Responsible investing columnist

Pandemic Portfolio: Spotlight on the NAACP Minority Empowerment ETF

A closer look at the ETF driving corporate diversity

The stock market has been steadily climbing up to pre-pandemic levels, disconnected from the real economy, where unemployment remains high and consumers are cautious. In its June 10 statement, the U.S. Federal Reserve acknowledged that conditions have improved but said it would “stay the course” with low interest rates and bond purchases to keep supporting an economic recovery “that is going to take some time.”

Meanwhile, protests have erupted across the world calling for racial equality and police reform. Although these protests have had little impact on the market, they’ve raised a good question: can investors support companies that promote minority empowerment while earning market-rate financial returns?

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Pandemic Portfolio: Two stocks positioned for an economic recovery – and a second COVID wave

Consumer staples like ice cream and cleaners give Unilever a leg up in pandemic, while Cisco rides teleconferencing wave

Welcome to Pandemic Portfolio, a biweekly series from Corporate Knights and the Toronto Star that looks at companies relatively well-positioned to weather the economic storm triggered by COVID-19.


Financial markets seem to have found a comfortable trading zone, oscillating between the hope of a quick recovery and the fear of a second pandemic wave.

Federal Reserve Chairman Jerome Powell suggested in an interview that GDP could fall by as much as 20–30%, with unemployment hitting Depression-era levels. However, the Chairman also expects a quick recovery by the end of this year and noted the unprecedented response from central banks and governments to keep markets liquid and provide emergency benefits to struggling people and businesses. This mixed message has the bulls and bears of the market duking it out day-to-day, keeping prices relatively flat over the past month.

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Pandemic Portfolio: Two stocks to watch as COVID-19 drags on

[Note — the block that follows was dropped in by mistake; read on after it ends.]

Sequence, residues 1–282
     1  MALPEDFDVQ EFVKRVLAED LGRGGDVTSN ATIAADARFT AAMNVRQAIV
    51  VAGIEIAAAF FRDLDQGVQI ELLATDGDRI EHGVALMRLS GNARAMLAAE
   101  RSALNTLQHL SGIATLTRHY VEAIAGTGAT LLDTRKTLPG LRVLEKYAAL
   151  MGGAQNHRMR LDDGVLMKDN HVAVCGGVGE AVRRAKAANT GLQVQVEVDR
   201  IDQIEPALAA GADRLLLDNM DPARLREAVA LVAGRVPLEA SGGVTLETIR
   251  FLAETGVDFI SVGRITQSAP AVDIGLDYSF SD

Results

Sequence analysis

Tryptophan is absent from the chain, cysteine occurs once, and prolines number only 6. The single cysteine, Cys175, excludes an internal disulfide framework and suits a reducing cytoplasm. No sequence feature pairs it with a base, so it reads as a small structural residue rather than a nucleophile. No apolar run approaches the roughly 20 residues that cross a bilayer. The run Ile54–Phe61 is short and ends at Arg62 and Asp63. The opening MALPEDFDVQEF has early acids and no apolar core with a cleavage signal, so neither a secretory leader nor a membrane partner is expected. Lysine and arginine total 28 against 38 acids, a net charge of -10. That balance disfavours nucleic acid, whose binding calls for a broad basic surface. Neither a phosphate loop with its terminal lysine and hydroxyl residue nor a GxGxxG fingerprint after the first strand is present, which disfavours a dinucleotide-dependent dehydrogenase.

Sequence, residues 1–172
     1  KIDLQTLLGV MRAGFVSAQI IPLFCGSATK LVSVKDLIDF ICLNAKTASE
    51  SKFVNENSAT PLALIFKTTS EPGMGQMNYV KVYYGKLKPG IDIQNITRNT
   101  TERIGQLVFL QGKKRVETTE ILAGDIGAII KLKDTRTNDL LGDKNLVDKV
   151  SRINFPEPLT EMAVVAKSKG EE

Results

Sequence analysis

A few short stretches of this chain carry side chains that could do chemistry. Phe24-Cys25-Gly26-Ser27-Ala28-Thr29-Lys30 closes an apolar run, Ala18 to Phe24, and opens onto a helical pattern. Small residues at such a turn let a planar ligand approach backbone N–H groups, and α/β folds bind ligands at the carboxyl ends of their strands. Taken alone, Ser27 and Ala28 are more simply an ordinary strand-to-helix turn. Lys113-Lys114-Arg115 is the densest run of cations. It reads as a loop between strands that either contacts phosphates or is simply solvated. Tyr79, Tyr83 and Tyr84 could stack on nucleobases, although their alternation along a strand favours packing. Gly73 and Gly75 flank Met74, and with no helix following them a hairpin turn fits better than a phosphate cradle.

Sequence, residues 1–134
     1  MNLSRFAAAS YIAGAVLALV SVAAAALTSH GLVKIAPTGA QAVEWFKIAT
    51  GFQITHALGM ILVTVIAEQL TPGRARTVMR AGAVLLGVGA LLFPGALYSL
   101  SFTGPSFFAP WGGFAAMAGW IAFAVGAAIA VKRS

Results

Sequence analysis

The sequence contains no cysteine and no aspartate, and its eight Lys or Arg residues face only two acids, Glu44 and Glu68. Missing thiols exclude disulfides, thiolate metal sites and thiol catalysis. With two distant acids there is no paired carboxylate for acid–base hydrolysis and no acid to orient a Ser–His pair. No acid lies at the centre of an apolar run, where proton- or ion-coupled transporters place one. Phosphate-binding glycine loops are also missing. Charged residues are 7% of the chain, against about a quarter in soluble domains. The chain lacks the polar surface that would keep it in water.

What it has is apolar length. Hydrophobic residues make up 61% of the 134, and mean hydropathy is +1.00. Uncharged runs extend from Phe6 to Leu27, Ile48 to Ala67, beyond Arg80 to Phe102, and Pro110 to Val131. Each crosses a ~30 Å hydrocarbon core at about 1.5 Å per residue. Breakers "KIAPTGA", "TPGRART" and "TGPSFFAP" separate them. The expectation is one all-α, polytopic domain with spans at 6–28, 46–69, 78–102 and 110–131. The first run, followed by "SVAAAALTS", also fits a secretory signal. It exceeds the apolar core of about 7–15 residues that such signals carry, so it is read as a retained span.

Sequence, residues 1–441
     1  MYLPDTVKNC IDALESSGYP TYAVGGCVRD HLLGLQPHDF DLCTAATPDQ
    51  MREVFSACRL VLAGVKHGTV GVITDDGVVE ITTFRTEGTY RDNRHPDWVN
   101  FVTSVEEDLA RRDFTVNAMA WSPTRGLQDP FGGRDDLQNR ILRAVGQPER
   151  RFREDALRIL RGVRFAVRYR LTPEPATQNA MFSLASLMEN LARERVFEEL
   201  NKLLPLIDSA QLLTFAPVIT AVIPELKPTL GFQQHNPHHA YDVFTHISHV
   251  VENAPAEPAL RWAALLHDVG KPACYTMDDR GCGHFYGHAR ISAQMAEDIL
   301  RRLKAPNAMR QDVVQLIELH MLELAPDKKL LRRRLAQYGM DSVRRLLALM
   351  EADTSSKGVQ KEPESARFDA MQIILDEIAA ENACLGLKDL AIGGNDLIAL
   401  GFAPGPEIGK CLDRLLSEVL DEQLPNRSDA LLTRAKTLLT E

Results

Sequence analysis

Which green stocks are holding up? We look at spice giant McCormick and renewable energy utility Northland Power

Welcome to Pandemic Portfolio, a biweekly series from Corporate Knights and the Toronto Star that looks at companies relatively well positioned to weather the economic storm triggered by COVID-19.


The Bank of Canada struck an optimistic note in its April Monetary Report, suggesting that “Canada’s economy will begin to recover as the health impacts of COVID-19 fade, businesses begin to reopen and gradually resume their operations, and people start returning to their normal lives.”

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Pandemic Portfolio: Three companies well-positioned to weather the crisis

Which eco-friendly companies will continue to profit during a longer period of pandemic-induced economic pain?

Welcome to Pandemic Portfolio, a bi-weekly series from Corporate Knights and the Toronto Star that spotlights companies relatively well positioned to weather the economic storm triggered by COVID-19.

The stock market’s reaction to the COVID-19 pandemic was swift and harsh, crashing more than 33% in about a month. The market has bounced back somewhat from those mid-March lows, sparking optimistic talk of a “V-shaped recovery,” where the economy quickly returns to normal, though RBC CEO Dave McKay suggests a longer downturn, with a “U-shaped recovery,” is more likely.

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Impact bonds offer a safe haven for investors

Green bonds remain largely unaffected by financial markets all while investing in community

It would be normal to feel a little shaky about the markets right now. There’s lots of volatility and concern about panic behaviour as COVID-19 spreads. Investors are looking to buy bonds in a flight to safety, but interest rates are on their way down so traditional bonds will offer very low financial returns.

Now is a really good time to look at impact investments as a way to further diversify your portfolio.

An impact bond is a loan to an organization – often a non-profit - that offers investors a financial return in addition to making a direct positive social or environmental impact. Each bond has a different minimum investment, interest rate, and maturity date. Different impact bonds will generate different types of impact.